Although he wasn’t on the public route, we often joked that Bart was the most photographed wolf at Wolf Haven. He liked to stand on the top of a hill in his enclosure and survey the world below. Often, Bart was the first wolf a visitor would see on his or her way to the […]
About Wolf Haven International
This author has yet to write their bio.Meanwhile lets just say that we are proud Wolf Haven International contributed a whooping 236 entries.
Entries by Wolf Haven International
A couple of the auction items this year include paintings done by wolves in the sanctuary. Animal care staff place paint on a canvas and the wolves walk across to make a painting. One of the pieces was completed by three different wolves.
A 3-day Wildlife Handling and Chemical Immobilization for Wildlife Professionals course, taught by Dr. Mark Johnson of Global Wildlife Resources, is held annually at Wolf Haven during the month of October. This year’s course will take place October 23-25, with an optional free Monday workshop on October 22. Guest speakers on 10/22 will discuss wolf, bear […]
At Wolf Haven International, a wolf sanctuary in Tenino, Thurston County, staff members have already modified the wolves’ schedule this summer, mainly because of hot weather. Staff members feed them late at night,…
This Oregon Field Guide video originally aired on PBS in 2013 but it covers so many aspects of Wolf Haven International that we want to show it again.
Wolf Haven’s annual fall fundraiser and annual meeting, Wolves & Wine offers guests and supporters an opportunity to share their passion for wolves and our mission: To conserve and protect wolves and their habitat. This evening of fun offers both silent and live auctions, beer and wine tastings, plentiful hors d’oeuvres and a chance to mingle with fellow wildlife supporters.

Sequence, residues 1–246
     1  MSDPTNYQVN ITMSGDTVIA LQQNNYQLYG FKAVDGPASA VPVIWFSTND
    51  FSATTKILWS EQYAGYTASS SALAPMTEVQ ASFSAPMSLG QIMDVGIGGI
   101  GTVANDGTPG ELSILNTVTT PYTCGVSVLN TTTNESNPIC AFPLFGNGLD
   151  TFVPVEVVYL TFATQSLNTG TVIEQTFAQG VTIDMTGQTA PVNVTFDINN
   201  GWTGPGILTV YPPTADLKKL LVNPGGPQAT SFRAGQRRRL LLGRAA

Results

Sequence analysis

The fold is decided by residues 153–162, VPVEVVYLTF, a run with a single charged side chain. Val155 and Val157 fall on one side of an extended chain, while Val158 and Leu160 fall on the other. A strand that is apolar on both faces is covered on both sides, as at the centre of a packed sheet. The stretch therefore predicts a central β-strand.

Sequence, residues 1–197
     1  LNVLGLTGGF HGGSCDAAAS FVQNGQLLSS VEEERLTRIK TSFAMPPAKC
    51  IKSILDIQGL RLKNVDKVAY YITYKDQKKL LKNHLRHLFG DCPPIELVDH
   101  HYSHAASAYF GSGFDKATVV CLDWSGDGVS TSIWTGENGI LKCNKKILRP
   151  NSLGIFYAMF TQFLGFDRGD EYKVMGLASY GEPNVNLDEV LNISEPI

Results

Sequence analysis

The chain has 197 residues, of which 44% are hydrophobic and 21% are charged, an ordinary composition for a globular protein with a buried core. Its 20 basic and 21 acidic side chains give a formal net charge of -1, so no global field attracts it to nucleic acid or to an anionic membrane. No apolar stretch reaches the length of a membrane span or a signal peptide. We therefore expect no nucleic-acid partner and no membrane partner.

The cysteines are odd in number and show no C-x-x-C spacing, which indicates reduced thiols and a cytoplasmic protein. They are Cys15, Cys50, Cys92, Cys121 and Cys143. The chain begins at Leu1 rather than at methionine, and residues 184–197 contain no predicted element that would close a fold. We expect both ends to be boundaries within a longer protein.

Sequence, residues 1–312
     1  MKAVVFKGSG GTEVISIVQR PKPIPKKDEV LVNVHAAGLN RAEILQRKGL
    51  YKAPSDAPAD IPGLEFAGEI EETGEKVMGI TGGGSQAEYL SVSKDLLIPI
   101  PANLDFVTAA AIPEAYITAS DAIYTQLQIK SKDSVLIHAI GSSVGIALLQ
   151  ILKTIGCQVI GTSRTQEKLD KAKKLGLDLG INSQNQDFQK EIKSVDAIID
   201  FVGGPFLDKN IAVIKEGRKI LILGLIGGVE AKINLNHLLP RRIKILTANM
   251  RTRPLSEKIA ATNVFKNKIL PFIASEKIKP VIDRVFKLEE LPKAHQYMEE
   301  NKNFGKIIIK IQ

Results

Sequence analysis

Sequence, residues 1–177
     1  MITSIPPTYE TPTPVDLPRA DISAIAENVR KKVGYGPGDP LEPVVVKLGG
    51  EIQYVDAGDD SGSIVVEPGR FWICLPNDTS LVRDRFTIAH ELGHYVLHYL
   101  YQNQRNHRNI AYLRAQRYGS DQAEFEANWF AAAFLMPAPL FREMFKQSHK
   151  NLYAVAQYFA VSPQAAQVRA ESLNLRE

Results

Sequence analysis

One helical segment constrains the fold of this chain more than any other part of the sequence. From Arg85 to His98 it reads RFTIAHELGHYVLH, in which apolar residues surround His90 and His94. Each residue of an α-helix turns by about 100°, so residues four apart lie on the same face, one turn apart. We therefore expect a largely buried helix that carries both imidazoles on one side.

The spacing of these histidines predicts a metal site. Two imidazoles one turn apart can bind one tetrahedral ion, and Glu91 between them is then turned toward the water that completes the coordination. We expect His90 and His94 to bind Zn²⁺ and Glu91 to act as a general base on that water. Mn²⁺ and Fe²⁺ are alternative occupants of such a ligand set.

This children’s book about a family of Mexican gray wolves (lobos)
Wolf Haven Bat Box Occupied by Maternity Colony In 2012, a dozen bat boxes were erected at Wolf Haven International to enhance habitat for our 10 species of native bats. Since their installation, bats have readily taken up residence.
The wolves all have splash tubs to cool off in and they receive a fresh bucket of water daily. The enclosures have shady trees and shrubs plus a shelter for an optional “get-away”. But you might be surprised at some of the other creative ways that our animal care team find to give them a […]
Generally speaking, human confrontations with wolves are pretty rare in an urban environment because wolves live in forested habitats and retain a fear of humans, whereas coyotes have learned to survive close to humans because we provide them with a food source – whether intentionally or unintentionally.